Dubai's Impact BBDO is working on the ground with doctors and has created an ingeniously-designed rallying symbol that combines the campaigning ribbon with Arabic, writes LBB's Laura Swinton
87.2% of women and girls in Egypt have been affected by female genital mutilation. The country is home to the biggest number of FGM-afflicted women of any country in the world. Globally, over 200 million people have undergone FGM. That’s why this February 6, the International Day of Zero Tolerance for Female Genital Mutilation, creative agency Impact BBDO joined forces with anti-FGM organization 28 Too Many, Egyptian NGO Tadwein and the Rofayda Hospital Group to launch an initiative designed to end the cycle of violence against girls.
The statistics and consequences of FGM are shocking – but shock might not be the most effective approach if the partnership is really going to change minds, explains Impact BBDO creative director Logan Allanson. He insists that this not simply an awareness-raising exercise but a project design to engage.
“We thought: we’re not just going to raise awareness. You can always do these shocking print ads or whatever but we wanted to go and get things done correctly by going into the hospital and informing new parents about the dangers of FGM,” explains Logan. He says that while the usual executions around FGM can be disturbing, they can also alienate those with the power to make a difference. “Usually it’s stitches or its razor blades. This evokes negative things in peoples minds; it’s shock tactics that don’t really work anymore. People are turning off to this, they turn away and they think, ‘I’m not part of that. I’m not a butcher.’”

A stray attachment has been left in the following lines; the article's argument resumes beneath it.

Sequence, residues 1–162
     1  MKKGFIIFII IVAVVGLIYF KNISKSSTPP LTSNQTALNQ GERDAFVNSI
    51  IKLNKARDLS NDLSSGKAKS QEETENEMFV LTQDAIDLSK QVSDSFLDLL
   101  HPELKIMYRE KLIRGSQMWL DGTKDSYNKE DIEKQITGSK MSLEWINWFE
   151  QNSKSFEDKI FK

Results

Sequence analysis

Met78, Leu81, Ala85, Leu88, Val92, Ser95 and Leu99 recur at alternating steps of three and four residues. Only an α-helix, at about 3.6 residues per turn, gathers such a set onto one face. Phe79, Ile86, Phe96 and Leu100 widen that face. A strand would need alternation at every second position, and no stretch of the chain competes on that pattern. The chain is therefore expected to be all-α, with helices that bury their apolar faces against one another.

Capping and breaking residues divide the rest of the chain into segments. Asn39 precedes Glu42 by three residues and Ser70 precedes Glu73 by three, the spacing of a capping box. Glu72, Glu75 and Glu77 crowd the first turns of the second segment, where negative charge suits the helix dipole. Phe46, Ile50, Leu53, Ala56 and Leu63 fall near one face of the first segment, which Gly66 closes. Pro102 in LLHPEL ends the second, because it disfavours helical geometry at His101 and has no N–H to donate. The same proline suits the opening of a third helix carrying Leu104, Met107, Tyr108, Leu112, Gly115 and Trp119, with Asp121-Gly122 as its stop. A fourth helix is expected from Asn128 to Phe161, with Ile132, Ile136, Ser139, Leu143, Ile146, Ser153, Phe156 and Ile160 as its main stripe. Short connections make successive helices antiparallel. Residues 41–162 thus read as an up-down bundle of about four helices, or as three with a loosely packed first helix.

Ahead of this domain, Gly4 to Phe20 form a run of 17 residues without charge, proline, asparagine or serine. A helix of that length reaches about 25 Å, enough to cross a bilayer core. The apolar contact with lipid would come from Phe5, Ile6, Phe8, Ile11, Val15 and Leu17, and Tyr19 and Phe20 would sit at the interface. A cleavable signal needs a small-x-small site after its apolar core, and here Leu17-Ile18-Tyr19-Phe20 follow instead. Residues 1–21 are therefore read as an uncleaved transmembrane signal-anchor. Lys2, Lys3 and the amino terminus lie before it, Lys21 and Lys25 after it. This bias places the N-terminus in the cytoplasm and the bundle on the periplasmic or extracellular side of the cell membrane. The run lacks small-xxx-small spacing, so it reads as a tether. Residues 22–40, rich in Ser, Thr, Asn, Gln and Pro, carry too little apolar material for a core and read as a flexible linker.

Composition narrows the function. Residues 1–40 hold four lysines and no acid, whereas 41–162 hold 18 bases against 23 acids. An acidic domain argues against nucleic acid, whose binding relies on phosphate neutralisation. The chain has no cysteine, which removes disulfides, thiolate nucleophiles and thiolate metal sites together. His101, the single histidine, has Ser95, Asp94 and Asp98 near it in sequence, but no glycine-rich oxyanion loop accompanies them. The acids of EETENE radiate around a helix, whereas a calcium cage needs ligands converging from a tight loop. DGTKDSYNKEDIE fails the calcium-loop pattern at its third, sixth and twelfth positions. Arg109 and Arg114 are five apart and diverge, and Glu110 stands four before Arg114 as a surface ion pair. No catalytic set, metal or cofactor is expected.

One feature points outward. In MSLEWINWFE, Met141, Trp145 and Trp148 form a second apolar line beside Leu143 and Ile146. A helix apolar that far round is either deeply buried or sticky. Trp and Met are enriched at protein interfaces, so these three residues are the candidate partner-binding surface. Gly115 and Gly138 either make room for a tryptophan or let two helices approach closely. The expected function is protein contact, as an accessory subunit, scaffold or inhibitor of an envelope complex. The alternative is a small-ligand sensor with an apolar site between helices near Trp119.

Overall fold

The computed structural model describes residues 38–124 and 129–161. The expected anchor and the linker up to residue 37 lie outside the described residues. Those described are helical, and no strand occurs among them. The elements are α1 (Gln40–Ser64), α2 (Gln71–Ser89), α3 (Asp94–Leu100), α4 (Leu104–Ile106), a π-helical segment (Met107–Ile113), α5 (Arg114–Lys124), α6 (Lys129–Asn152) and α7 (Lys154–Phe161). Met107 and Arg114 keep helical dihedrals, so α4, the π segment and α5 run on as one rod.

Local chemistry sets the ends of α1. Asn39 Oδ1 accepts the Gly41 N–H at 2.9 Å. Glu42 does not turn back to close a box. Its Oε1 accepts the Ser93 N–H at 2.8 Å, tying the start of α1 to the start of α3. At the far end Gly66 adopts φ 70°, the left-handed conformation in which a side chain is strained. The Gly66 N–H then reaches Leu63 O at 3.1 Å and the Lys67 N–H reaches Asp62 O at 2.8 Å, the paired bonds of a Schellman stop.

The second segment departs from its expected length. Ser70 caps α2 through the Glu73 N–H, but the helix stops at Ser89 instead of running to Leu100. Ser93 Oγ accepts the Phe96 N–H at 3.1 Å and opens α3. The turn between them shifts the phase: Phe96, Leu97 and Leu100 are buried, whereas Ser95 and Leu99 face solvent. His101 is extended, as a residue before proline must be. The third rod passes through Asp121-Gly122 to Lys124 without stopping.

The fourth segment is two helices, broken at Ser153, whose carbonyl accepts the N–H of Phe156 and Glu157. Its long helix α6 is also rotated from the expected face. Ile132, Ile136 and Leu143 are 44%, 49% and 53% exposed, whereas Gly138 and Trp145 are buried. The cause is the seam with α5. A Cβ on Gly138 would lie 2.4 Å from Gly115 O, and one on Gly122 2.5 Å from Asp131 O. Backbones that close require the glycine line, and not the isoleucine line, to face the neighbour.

The project, ‘Say No to FGM’, combines a grassroots education project that empowers parents to resist the medicalisation of FGM in Egypt with a transcendent creative idea that unifies the fight against the practice. It sees doctors educate new parents about the dangers of FGM - and they are then encouraged to sign a pledge protecting their newborn daughters from the practice. It's a project that revolves around behaviour change.
Logan says that seeing parents signing the pledge alongside the birth certificate has been an incredibly moving experience. “These are two very important documents for this little girl you know. She doesn’t even understand the gravity of those documents until she grows up,” he says. “We like it because of that. We can’t change all the people’s minds but we can certainly protect young people who don’t have the power to say no.”
Tying everything together is a new symbol which the creators hope will become a rallying point for the various organisations and programmes fighting the dangerous and potentially lethal practice. The creative team behind the project at Impact BBDO have taken the shape of the typical campaigning ribbon and flipped it upside down so it resembles the Arabic script for the word ‘no’.
The symbol is blue – a culturally relevant and resonant colour - and has been devised to convey a sense of resistance and aggression where the rest of the campaign is understanding and diplomatic.